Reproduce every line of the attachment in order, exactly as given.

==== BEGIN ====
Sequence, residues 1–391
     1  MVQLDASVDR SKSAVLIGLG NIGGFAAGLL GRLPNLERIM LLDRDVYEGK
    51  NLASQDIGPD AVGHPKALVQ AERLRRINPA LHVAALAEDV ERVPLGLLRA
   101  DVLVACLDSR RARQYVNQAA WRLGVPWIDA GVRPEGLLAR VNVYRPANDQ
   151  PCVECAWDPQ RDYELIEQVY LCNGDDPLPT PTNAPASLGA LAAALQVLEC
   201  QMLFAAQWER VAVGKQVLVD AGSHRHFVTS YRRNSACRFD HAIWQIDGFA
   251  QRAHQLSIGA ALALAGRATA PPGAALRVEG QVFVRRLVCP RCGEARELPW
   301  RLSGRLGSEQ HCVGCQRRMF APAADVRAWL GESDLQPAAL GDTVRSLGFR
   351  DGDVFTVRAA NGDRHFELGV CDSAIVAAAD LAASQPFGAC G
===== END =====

Sequence, residues 1–391
     1  MVQLDASVDR SKSAVLIGLG NIGGFAAGLL GRLPNLERIM LLDRDVYEGK
    51  NLASQDIGPD AVGHPKALVQ AERLRRINPA LHVAALAEDV ERVPLGLLRA
   101  DVLVACLDSR RARQYVNQAA WRLGVPWIDA GVRPEGLLAR VNVYRPANDQ
   151  PCVECAWDPQ RDYELIEQVY LCNGDDPLPT PTNAPASLGA LAAALQVLEC
   201  QMLFAAQWER VAVGKQVLVD AGSHRHFVTS YRRNSACRFD HAIWQIDGFA
   251  QRAHQLSIGA ALALAGRATA PPGAALRVEG QVFVRRLVCP RCGEARELPW
   301  RLSGRLGSEQ HCVGCQRRMF APAADVRAWL GESDLQPAAL GDTVRSLGFR
   351  DGDVFTVRAA NGDRHFELGV CDSAIVAAAD LAASQPFGAC G